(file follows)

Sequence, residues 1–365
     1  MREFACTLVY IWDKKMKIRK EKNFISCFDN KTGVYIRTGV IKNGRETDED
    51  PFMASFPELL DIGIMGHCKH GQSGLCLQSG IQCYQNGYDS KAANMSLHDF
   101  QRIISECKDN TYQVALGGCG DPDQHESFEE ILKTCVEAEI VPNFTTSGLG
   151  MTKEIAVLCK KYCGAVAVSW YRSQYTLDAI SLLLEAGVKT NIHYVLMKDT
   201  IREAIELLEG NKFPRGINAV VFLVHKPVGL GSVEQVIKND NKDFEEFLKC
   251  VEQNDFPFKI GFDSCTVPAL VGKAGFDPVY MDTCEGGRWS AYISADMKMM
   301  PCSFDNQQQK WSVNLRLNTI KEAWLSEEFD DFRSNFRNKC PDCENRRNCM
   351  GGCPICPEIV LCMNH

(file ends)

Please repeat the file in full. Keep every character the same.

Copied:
Sequence, residues 1–365
     1  MREFACTLVY IWDKKMKIRK EKNFISCFDN KTGVYIRTGV IKNGRETDED
    51  PFMASFPELL DIGIMGHCKH GQSGLCLQSG IQCYQNGYDS KAANMSLHDF
   101  QRIISECKDN TYQVALGGCG DPDQHESFEE ILKTCVEAEI VPNFTTSGLG
   151  MTKEIAVLCK KYCGAVAVSW YRSQYTLDAI SLLLEAGVKT NIHYVLMKDT
   201  IREAIELLEG NKFPRGINAV VFLVHKPVGL GSVEQVIKND NKDFEEFLKC
   251  VEQNDFPFKI GFDSCTVPAL VGKAGFDPVY MDTCEGGRWS AYISADMKMM
   301  PCSFDNQQQK WSVNLRLNTI KEAWLSEEFD DFRSNFRNKC PDCENRRNCM
   351  GGCPICPEIV LCMNH